Monday 8 January 2024

Amsterdam joins those municipalities introducing cat restrictions to protect wildlife

Although the world centre of domestic cat owner restrictions and feral cat eradication is Australia, the attitude of the Australians appears to be spreading to other parts of the world. The news, today, is that Amsterdam in The Netherlands is keen to introduce restrictions on domestic cat ownership and to alter their policy towards feral cats.

There is no doubt in my mind having read cat news articles for very many years on a daily basis that the attitude towards domestic cats has changed and continues to change. The direction of movement is restrictions on cat ownership and to, in some way, eliminate feral cats either as fast as possible or over a long period of time.

In Amsterdam a campaign and planning has started to encourage cat owners to:
  • microchip and sterilised their cats
  • keep the feral cat population to a minimum
  • no longer release feral cats under TNR programs to "ecologically vulnerable areas"
  • Ensure that owners place a bell or a collar around their cat's next to make it much harder for the cat to prey on wildlife particularly birds. Comment: the brightly coloured colour, an anti-predation device, is fairly successful (50% success) in warning birds of an approaching cat. However, bells are less successful because cats learn how to keep them quiet! Neither is going to work that well. And I can see difficulties in convincing a large number of cat owners to place a wide, brightly coloured collar around their cats' necks. It looks a bit peculiar and it certainly doesn't look aesthetically pleasing which is quite a big factor in the human-to-cat relationship because caregivers love the appearance of their cat. It is one of the important aspects of the relationship. I'm being negative but perhaps you might say that I am being realistic.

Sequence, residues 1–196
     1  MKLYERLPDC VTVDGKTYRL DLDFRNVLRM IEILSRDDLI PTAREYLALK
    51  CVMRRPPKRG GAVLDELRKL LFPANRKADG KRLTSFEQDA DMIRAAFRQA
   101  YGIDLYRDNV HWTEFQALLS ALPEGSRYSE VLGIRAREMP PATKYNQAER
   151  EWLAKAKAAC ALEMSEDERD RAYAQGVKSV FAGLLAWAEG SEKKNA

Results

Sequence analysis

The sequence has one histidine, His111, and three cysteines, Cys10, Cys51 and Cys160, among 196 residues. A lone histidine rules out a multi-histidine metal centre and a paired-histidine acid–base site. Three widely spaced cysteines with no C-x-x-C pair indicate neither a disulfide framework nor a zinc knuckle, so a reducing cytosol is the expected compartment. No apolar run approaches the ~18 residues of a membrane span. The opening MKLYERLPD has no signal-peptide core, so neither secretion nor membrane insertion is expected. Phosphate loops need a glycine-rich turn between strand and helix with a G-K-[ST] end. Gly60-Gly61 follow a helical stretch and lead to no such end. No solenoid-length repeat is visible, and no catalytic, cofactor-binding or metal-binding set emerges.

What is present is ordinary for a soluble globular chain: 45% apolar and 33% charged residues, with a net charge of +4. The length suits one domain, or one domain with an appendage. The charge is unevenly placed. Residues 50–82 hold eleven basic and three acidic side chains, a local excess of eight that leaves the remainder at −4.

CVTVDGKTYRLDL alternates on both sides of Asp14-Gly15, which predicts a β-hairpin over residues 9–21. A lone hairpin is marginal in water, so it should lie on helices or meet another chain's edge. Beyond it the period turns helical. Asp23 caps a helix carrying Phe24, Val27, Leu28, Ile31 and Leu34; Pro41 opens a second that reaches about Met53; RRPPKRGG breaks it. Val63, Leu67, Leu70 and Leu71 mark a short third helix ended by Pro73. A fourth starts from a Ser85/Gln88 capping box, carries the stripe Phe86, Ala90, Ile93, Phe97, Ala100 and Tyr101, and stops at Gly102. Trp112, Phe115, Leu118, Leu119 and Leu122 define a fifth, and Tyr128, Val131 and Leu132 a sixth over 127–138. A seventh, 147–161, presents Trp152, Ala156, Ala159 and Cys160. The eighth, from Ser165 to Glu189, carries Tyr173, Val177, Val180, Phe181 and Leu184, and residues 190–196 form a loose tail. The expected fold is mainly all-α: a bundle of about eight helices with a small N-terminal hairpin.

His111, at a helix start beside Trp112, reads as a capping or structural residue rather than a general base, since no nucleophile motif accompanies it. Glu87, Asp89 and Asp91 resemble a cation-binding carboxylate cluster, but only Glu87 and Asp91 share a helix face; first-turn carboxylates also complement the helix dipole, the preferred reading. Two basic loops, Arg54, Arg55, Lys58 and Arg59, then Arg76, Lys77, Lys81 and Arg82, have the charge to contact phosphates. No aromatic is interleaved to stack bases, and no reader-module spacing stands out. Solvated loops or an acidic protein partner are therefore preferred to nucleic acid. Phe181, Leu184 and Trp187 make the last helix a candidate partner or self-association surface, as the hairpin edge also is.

Research indicates that in The Netherlands domestic cats kill around 18 million birds a year. That is probably an estimate and we don't know if it is accurate.

At one stage, a Dutch organisation, Huiskat Thuiskat, applied to the court to try and force the government to prevent people from letting their cats roam freely unsupervised. It didn't work of course. Cats are allowed to roam unsupervised because they aren't a danger to people whereas dogs can be.

I'm told that there are about 2.9 million domestic cat companions in The Netherlands.


P.S. please forgive the occasional typo. These articles are written at breakneck speed using Dragon Dictate. I have to prepare them in around 20 mins.

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